The DNA-cleaving activity of bleomycin,1an antitumor glycopeptide antibiotic, had been shown in vitro to depend on the formation of activated bleomycin, a drug complex containing Fe(III) and oxygen.2,3 This complex can be formed with Fe(III) and peroxide, Fe(III) plus reductants and O2, or Fe(II) and O2. Other metals gave no detectable DNA degradation in O2-dependent reactions, and many inhibit the iron-requiring reaction.4 We now report DNA degradation by Mn(II)-bleomycin in the presence of H2O2. This activity is not due to endogenous iron salts and differs from that of iron-bleomycin in several respects. DNA does not inhibit the Mn(II)-bleomycin reaction, as it does the iron-bleomycin reaction, but optimal activity is only 1−3% of that of the Fe(III)-drug complex with H2O2. DNA products include free bases and base propenals, 5 as with iron bleomycin, but in different proportions. Aerobic solutions of reducing agents such as 2-mercaptoethanol cannot substitute for peroxide in the Reaction with Mn(II) as they do in the reaction with Fe-(III). In this respect, Mn(II)-bleomycin parallels the behavior of Mn(II)-cytochrome P-450, which cannot be activated reductively but can be activated with peroxides.6.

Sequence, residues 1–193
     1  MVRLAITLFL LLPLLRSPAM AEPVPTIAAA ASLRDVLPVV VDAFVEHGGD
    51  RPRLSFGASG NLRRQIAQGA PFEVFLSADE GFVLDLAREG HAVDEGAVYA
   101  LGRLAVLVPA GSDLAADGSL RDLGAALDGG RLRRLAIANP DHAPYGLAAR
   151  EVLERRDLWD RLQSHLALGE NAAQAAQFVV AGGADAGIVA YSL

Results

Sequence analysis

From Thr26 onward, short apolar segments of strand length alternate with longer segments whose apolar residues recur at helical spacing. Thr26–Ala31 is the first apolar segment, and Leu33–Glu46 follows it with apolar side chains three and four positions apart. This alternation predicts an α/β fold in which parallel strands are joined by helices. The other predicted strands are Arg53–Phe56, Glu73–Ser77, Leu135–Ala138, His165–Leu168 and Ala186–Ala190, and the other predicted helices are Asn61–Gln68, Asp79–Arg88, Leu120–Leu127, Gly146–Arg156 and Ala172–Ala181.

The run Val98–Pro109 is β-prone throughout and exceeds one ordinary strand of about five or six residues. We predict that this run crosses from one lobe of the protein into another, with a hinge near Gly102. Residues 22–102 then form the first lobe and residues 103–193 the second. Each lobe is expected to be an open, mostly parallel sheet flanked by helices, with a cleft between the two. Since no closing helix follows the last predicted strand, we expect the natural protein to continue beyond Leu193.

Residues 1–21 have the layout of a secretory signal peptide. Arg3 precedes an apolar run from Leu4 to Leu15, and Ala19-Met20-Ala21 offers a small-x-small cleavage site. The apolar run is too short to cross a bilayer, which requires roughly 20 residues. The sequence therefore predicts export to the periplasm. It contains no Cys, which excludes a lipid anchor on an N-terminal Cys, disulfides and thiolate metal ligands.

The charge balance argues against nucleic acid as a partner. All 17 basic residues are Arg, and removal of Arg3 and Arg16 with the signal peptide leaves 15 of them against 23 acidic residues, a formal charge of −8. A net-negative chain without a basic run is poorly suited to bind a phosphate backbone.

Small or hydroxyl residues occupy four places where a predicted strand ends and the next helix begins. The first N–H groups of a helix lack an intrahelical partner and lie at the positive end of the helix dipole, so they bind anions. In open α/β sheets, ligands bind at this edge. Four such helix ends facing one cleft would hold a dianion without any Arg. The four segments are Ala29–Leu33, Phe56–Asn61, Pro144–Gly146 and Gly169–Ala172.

ASJC Scopus subject areas
- Physical and Theoretical Chemistry
- Inorganic Chemistry